The Obama Recovery is, largely, a failure and no one but the President can be held accountable. Despite the well-articulated, well-oiled nonsense that flowed from the Democratic convention two weeks ago, President Obama has wasted nearly 175 continuous weeks of very slow economic recovery by scuttling desperately needed pro-growth opportunities ever since the recession ended 16 weeks after he assumed office. He likes to take credit for ending the recession. He didn’t. All recessions end and the emergency measures Bush and Paulson put into effect, which Obama expanded upon, stopped the financial meltdown and the recession ended sixteen weeks later in June of 2009.
Obama’s Faustian bargain has been to pursue populist re-election strategies at the expense of pro-economic-growth policies, which the country desperately needs. His decisions and priorities have resulted in one of the weakest economic recoveries in history. It didn’t have to be this way.
Deep recessions are invariably followed by steep, robust recoveries. Not this one. That’s because the President ignored opportunities and recommendations to unleash economic growth and, instead, turned his attention to his redistributive, transformative agenda that has only succeeded in spooking the economy into a perpetual crawl.
Not once since he has been in office has Congress passed a budget, as law requires it to. This has not been the result of political partisanship. His own party refused to pass his recommended budgets when he controlled both houses of Congress, and the US Senate, which he still controls, has refused to take up a budget, even though the US House of Representatives keeps sending it one.
So in the absence of a budget, the Administration has run up trillion dollar deficits every year Obama has been in office, and has pushed the nation’s debt to over 16 trillion dollars, more than all the Presidents combined from Washington to Reagan. He had already increased the nation’s debt more in three-and-a-half years than Bush had in eight years and Bush was, in our judgment, a very profligate president.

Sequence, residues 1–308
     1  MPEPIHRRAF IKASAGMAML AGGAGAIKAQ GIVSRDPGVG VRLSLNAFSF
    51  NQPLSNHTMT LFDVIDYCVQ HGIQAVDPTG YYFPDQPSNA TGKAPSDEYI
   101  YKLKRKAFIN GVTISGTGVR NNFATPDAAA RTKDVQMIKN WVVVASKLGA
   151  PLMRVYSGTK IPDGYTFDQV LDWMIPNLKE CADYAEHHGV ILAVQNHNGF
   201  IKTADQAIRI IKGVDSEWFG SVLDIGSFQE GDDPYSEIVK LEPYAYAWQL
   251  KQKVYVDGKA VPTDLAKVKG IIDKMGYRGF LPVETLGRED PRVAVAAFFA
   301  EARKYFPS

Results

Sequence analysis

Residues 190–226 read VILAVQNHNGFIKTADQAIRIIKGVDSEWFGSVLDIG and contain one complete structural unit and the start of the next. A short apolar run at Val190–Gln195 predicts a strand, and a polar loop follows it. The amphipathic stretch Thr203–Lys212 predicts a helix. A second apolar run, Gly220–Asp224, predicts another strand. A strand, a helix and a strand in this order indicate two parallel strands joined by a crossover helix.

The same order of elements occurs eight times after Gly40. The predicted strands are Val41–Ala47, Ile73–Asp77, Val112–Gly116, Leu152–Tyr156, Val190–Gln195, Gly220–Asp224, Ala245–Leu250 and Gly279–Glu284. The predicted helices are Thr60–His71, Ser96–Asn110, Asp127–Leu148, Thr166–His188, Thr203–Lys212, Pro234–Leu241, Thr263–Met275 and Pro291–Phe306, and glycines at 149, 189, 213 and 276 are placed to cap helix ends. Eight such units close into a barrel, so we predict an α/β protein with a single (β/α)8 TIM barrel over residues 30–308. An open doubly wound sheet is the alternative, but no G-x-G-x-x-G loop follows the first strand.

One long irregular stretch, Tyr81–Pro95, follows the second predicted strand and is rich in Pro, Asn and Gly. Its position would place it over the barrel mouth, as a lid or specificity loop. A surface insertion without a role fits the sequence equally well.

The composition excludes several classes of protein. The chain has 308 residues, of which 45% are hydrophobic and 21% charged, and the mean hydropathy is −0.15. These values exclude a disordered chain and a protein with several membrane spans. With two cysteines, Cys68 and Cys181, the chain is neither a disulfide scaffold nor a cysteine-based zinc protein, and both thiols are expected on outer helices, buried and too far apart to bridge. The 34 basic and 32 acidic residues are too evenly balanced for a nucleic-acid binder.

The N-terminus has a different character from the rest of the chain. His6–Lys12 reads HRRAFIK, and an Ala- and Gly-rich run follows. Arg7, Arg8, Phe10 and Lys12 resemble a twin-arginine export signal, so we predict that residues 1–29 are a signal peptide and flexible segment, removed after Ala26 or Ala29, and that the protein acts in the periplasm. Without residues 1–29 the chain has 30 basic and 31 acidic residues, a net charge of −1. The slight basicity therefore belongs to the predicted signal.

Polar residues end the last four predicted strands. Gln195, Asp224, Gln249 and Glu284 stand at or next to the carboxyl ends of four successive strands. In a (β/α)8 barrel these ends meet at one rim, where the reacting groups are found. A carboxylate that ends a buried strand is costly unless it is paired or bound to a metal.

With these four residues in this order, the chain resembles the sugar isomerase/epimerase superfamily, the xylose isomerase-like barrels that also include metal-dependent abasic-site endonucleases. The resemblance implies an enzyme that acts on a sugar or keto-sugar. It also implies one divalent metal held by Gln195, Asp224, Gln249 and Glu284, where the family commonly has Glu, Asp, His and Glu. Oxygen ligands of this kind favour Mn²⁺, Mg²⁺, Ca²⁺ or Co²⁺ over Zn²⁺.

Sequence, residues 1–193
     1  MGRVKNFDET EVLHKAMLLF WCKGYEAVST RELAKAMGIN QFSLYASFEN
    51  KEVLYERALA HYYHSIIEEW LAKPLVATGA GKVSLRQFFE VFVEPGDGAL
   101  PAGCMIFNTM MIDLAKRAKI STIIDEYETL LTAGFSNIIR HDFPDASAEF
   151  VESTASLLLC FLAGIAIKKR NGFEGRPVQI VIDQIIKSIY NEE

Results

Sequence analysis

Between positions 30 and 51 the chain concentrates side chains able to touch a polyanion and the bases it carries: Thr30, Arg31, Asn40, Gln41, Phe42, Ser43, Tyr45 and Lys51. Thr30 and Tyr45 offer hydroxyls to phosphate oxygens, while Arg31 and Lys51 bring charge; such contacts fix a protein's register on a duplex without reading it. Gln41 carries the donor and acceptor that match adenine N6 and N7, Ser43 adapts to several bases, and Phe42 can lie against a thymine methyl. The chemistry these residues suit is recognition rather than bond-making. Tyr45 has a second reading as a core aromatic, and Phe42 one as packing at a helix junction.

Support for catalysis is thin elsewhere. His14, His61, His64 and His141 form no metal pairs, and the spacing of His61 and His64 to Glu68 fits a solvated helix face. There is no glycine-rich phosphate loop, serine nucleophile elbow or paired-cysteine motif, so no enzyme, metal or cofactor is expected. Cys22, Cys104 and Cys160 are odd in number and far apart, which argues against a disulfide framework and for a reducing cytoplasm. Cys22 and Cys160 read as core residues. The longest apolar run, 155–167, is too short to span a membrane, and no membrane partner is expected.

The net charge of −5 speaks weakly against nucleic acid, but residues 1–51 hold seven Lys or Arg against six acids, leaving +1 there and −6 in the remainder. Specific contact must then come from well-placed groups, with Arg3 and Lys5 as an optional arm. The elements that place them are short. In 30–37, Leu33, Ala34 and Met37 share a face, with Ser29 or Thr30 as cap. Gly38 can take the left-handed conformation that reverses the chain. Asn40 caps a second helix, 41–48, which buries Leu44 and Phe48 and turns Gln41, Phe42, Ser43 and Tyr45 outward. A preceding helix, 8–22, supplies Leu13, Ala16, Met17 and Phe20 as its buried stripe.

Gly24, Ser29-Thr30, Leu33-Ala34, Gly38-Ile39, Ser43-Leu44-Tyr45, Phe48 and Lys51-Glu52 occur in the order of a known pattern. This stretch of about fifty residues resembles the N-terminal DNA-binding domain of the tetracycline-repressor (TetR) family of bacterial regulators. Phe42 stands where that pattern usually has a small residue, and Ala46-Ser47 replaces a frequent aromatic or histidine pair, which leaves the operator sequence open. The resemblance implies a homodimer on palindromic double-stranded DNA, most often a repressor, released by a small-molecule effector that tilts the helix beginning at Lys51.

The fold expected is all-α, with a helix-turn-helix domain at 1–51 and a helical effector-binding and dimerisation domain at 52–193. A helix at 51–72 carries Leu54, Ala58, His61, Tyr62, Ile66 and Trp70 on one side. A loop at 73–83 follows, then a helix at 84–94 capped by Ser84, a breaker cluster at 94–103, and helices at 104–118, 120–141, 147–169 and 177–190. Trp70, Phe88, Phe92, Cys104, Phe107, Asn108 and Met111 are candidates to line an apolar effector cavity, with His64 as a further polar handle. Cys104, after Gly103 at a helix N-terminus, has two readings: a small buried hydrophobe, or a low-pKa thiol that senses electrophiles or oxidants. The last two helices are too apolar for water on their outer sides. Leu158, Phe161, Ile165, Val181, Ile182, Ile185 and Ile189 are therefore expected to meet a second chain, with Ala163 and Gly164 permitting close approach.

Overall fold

Obama has unleashed a torrent of new regulations on business and devoted most of his presidency to saddling the nation with a hastily drafted, largely unpopular, ill-conceived and extremely expensive healthcare program.
He has been content to have America boast the highest corporate tax rates in the industrialized world, which encumbers our international competitiveness. He has refused to broaden or to simplify our tax base at home. The top 2% of taxpayers pay nearly 50% of all federal income taxes; the top 5% pay nearly 60% of all federal income taxes and the top 10% pay 70% of all federal income taxes while 50 % of tax filers pay no federal income taxes whatsoever. Yet the President and his minions endlessly recite the campaign mantra that the millionaires and billionaires, that is, any family earning $250,000 or more, aren’t paying their fair share. Never mind that they are paying almost all of the freight.
Under Obama, America is not currently a land full of promise, notwithstanding the high-octane, over-the-top campaign oratory that would make Professor Harold Hill and his 76-trombone players blush. Last month four unemployed workers gave up looking for work (368,000 of them in total) for every one new job that was created, to which President Obama lamely proclaimed, “We know that’s not good enough.” Really?
One wonders whether the glittering verbosity of the Obama Administration, i.e. the summer of recovery, we’ve turned the corner, our policies are working, we’re on the right path really can convince the public that Obama has turned our economic sow’s ear into a silk purse. No matter how high the Obama cheerleaders jump, and no matter how loud they shout into their megaphones, the score is what it is. There are 4.8 million fewer total non-farm jobs than there were before the recession started. Factory employment sank last month to levels not seen in 24 months. Even temporary help companies are letting people go according to the latest Bloomberg survey and that hasn’t happened since last winter. Ominously, the share of the working-age population represented in the labor market has sagged to the lowest level in thirty years, and the American auto industry which the President’s campaign features as the Poster Child for economic recovery shed 7500 jobs in August. President Obama tells us, “it’s not good enough.” Federal Reserve Chairman Bernanke more accurately refers to the situation simply as “grave.”